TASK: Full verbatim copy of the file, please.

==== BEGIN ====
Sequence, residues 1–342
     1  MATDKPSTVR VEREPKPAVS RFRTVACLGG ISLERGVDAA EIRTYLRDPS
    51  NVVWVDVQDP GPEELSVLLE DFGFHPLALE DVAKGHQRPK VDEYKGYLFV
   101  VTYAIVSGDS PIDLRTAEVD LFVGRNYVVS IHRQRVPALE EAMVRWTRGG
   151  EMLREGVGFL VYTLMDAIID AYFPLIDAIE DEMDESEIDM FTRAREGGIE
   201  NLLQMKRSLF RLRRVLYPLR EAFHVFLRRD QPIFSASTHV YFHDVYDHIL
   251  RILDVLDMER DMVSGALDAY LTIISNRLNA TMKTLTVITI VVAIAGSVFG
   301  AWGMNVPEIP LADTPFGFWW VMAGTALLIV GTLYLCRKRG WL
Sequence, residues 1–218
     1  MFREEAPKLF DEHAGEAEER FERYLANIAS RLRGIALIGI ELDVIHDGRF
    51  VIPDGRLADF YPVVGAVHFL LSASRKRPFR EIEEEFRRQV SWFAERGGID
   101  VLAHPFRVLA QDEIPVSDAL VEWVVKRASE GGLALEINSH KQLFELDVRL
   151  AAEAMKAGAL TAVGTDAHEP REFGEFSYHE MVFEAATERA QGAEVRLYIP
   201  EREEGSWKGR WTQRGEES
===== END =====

Sequence, residues 1–342
     1  MATDKPSTVR VEREPKPAVS RFRTVACLGG ISLERGVDAA EIRTYLRDPS
    51  NVVWVDVQDP GPEELSVLLE DFGFHPLALE DVAKGHQRPK VDEYKGYLFV
   101  VTYAIVSGDS PIDLRTAEVD LFVGRNYVVS IHRQRVPALE EAMVRWTRGG
   151  EMLREGVGFL VYTLMDAIID AYFPLIDAIE DEMDESEIDM FTRAREGGIE
   201  NLLQMKRSLF RLRRVLYPLR EAFHVFLRRD QPIFSASTHV YFHDVYDHIL
   251  RILDVLDMER DMVSGALDAY LTIISNRLNA TMKTLTVITI VVAIAGSVFG
   301  AWGMNVPEIP LADTPFGFWW VMAGTALLIV GTLYLCRKRG WL
Sequence, residues 1–218
     1  MFREEAPKLF DEHAGEAEER FERYLANIAS RLRGIALIGI ELDVIHDGRF
    51  VIPDGRLADF YPVVGAVHFL LSASRKRPFR EIEEEFRRQV SWFAERGGID
   101  VLAHPFRVLA QDEIPVSDAL VEWVVKRASE GGLALEINSH KQLFELDVRL
   151  AAEAMKAGAL TAVGTDAHEP REFGEFSYHE MVFEAATERA QGAEVRLYIP
   201  EREEGSWKGR WTQRGEES